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Figuring out the optimum mix between complete production at the source and downstream postponement is a delicate balance, says Brennan. Manufacturers must account for a number of factors, including the cost of production overseas, logistics considerations, fuel prices and the need to meet regional customer requirements. As labor costs in China continue to rise, however, companies find themselves looking to models that stress production closer to markets in the West.
There are also complexities associated with serving emerging markets. Often a manufacturer will have to work with an established local partner in those countries. They will need to gain understanding of "a supply chain that is totally different than a mature market," Brennan says. "They basically have to give that market over to the local partner who owns that relationship."
Vetting local partners is "a tremendous challenge," he says. Not only must the original equipment manufacturer ensure that it's working with a trusted local entity, but it also has to prove the value of the relationship to the partner. In addition, the merchandiser might need to create products that are specifically designed for local markets. "It's a real education for some of the brands," says Brennan.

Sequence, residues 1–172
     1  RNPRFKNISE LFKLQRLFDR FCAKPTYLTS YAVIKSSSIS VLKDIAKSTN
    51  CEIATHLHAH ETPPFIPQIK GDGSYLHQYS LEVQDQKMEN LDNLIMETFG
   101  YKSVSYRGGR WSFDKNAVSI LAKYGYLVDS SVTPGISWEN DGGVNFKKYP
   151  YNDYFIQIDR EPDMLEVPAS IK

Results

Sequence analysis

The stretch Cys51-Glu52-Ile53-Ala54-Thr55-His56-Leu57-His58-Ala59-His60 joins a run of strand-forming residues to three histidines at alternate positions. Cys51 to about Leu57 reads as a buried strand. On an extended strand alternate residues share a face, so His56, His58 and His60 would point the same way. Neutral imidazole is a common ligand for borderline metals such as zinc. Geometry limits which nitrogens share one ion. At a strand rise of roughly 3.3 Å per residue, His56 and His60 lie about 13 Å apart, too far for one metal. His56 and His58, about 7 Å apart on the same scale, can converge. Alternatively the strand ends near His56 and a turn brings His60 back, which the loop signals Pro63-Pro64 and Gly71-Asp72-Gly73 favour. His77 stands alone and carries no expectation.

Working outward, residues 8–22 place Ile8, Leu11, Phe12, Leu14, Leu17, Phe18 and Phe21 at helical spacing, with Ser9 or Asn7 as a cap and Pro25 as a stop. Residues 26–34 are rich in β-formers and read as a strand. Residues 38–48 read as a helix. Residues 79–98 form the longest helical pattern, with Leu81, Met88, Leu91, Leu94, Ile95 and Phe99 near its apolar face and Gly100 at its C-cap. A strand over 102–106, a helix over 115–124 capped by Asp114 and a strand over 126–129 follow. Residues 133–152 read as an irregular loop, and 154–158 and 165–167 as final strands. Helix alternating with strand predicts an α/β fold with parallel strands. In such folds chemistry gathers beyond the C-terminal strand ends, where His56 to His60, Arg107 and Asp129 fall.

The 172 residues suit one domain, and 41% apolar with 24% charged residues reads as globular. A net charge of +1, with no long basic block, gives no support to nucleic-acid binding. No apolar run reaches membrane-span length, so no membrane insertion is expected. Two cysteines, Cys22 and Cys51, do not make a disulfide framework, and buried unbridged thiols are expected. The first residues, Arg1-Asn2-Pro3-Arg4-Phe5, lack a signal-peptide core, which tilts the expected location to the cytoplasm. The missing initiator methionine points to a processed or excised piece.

Yet another challenge for manufacturers is proper warranty management. OEMs need to determine how much a particular product is worth supporting, and what kind of network it needs to create for returns and repairs. Customer segmentation can help to identify the most profitable customers, as well as determine the right level of service for each market and account, Brennan says.
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Keywords: supply chain, supply chain management, international trade, inventory control, global logistics, logistics management, supply chain planning, retail supply chain, sourcing solutions
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